Always document maintenance, test results, remediation, and training in a log. Make sure that dental office staff who are responsible for waterline testing and treatment continue to receive training on protocols using a set schedule.
Post-Procedure Infection Prevention
After a patient visit, the operatory must be properly cleaned and disinfected, including wiping down all surfaces.
Disinfect Surfaces Regularly
Use hospital-grade, EPA-registered disinfectants that are effective against viruses, bacterium, and fungi. These products should meet a minimum number of qualifications, including:
- Environmental Protection Agency (EPA) registration number
- Identified as a Tuberculocidal disinfectant
- Usable on a range of surfaces and in several conditions
- Has cleaning and disinfecting properties
- Has low allergenicity
- Has clear, easy-to-follow IFUs
- Requires a reasonable contact time
HuFriedyGroup offers two surface disinfectant products: AdvantaClear™ and DisCide® ULTRA. Both are designed to clean and disinfect dental surfaces while working extremely fast and effectively to kill a broad spectrum of disease-causing microorganisms, including Tuberculosis.
They clean and disinfect and are available in wipes and ready-to-use liquids. DisCide ULTRA has a contact time of one minute, while AdvantaClear™ has a contact time of two minutes for Tuberculosis. The products are compatible with multiple surfaces, including aluminum, brass, copper, stainless steel, chrome, and most plastics.
All instruments must be properly cleaned and disinfected after each patient visit as well.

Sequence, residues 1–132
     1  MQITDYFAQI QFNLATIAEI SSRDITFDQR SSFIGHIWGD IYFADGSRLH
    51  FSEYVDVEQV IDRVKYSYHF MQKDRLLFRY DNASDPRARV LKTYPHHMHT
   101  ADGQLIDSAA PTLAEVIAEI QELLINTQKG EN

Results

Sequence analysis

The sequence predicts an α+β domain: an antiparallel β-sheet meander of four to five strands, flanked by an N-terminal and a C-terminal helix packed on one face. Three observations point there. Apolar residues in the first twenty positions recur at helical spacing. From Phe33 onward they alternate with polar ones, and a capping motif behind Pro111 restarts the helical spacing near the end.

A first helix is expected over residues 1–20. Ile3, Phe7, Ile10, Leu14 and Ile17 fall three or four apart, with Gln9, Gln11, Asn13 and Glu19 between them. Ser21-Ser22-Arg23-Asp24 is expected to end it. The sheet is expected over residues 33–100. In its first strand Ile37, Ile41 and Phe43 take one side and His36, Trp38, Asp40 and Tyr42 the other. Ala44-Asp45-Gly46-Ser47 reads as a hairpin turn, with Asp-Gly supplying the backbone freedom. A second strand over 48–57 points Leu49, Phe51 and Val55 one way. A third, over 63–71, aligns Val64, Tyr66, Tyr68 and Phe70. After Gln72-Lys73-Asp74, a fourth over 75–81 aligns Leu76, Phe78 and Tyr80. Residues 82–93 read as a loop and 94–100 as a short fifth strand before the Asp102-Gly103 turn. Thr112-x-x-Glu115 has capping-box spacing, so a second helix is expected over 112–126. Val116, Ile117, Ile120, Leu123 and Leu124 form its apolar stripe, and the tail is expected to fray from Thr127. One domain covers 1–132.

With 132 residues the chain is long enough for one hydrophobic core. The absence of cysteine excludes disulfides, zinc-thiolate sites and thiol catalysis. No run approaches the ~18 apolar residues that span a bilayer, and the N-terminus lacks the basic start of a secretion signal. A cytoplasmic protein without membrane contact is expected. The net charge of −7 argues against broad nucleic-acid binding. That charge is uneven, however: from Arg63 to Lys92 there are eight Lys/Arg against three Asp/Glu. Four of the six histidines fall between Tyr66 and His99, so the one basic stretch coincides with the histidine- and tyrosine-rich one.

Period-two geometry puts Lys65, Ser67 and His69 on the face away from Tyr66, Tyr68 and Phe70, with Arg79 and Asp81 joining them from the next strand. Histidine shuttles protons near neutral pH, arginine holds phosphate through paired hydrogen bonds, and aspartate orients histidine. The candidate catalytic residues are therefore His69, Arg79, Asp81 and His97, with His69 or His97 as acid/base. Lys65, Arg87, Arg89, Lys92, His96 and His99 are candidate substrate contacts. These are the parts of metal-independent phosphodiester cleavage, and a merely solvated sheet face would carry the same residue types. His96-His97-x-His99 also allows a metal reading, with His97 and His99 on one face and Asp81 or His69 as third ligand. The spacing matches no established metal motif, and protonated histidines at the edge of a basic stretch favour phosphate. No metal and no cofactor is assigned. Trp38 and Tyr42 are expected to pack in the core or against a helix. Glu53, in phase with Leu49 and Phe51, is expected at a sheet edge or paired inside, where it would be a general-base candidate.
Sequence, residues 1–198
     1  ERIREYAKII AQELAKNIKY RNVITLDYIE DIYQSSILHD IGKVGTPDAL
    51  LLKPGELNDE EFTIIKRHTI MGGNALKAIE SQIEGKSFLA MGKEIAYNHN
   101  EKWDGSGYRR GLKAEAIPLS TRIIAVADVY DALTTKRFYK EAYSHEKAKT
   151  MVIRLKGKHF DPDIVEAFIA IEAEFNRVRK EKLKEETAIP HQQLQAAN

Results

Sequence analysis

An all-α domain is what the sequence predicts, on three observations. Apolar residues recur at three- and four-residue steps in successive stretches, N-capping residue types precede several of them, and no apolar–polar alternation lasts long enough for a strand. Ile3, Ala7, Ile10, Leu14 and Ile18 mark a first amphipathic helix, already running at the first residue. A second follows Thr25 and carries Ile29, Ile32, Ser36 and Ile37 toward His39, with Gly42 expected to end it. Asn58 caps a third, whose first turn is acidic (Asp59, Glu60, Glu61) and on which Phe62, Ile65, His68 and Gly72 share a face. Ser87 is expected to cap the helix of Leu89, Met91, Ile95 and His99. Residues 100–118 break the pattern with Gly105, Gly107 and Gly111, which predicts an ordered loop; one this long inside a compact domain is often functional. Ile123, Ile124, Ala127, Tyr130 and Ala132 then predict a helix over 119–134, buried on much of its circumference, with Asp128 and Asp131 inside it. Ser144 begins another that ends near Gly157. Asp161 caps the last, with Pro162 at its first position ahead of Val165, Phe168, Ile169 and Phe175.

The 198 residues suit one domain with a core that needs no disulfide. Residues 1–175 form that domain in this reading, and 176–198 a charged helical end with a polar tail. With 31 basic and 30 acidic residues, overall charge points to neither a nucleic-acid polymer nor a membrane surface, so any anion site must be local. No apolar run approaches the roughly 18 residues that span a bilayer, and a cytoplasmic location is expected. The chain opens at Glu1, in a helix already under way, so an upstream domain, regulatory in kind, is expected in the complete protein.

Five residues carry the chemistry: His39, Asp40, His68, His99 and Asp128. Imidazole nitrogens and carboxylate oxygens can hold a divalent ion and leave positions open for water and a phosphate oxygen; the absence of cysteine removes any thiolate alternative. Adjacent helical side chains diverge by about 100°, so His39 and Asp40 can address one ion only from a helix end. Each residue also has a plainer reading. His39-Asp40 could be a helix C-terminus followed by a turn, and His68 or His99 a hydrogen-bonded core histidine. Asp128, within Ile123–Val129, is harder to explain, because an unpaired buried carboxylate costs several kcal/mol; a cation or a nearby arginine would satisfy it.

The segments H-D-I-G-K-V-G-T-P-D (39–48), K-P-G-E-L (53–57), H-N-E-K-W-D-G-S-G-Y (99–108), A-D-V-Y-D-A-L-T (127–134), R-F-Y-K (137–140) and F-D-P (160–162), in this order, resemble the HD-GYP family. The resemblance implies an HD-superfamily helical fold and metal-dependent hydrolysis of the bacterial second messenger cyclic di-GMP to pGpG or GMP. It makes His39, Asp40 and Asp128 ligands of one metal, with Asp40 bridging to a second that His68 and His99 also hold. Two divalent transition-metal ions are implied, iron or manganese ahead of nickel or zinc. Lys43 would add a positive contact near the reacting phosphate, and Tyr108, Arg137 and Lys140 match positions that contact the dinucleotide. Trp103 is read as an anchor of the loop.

Practice Proper Instrument Cleaning and Reprocessing
Ensure that your team follows best practices for instrument cleaning and reprocessing, which involves the following steps:
Presoak Instruments That Can’t Be Immediately Cleaned
While it’s not always possible to clean instruments immediately after use, biological debris can dry, harden, and become quite difficult to remove. Industry experts recommend spraying or soaking soiled instruments with a solution to keep organic buildup moist until the instruments can be cleaned properly.
Enzymax® Enzymatic Detergent from HuFriedyGroup is a dual enzyme ultrasonic cleaner that removes bioburden from dental instruments and can be used to soak and pretreat instruments prior to cleaning. The protease enzyme in Enzymax® eats the proteinaceous material on dental instruments.
Use Cassettes for Safety and Efficiency
Instead of keeping instruments loose in containers for presoaking and cleaning, consider utilizing secure cassettes to reduce the risk of injuries and instrument damage and create an optimal environment for reprocessing,
By using cassettes, dental professionals can avoid handling contaminated instruments any longer than necessary. And because cassettes can be configured according to procedure, instruments are kept secure throughout the entire cycle, from patient use, to presoak, to cleaning, and all the way through to reprocessing.
There are a number of advantages to using cassettes:
- Cassette rails keep instruments separated during reprocessing, allowing access to instruments during cleaning and sterilization while protecting them from scratching and breaking.
- Cassettes prevent instruments from sliding out or falling off of instrument trays during transportation. Even if a cassette is dropped, the instruments stay safe.
- Cassettes can be placed directly into presoaking containers and ultrasonic cleaners. And they can be rinsed, dried, wrapped, and sterilized without removing instruments.
- Cassettes help prevent overloading cleaning and sterilization equipment.
The cassette-based Instrument Management System (IMS) from HuFriedyGroup has proven to be highly effective for dental practices, who report that they also save dental professionals 5 to 10 minutes per procedure.
To take a deeper dive into protecting patients and preventing infection risks, this informative webinar titled “Identifying Invisible Chairside Infection Control Risks,” led by Doug Risk, DDS, and Karen Gregory, RN, CDIPC, is available for viewing. Participants are also eligible to earn CEUs.
To learn more about products to help prevent infection and protect patients and staff, visit HuFriedyGroup.com.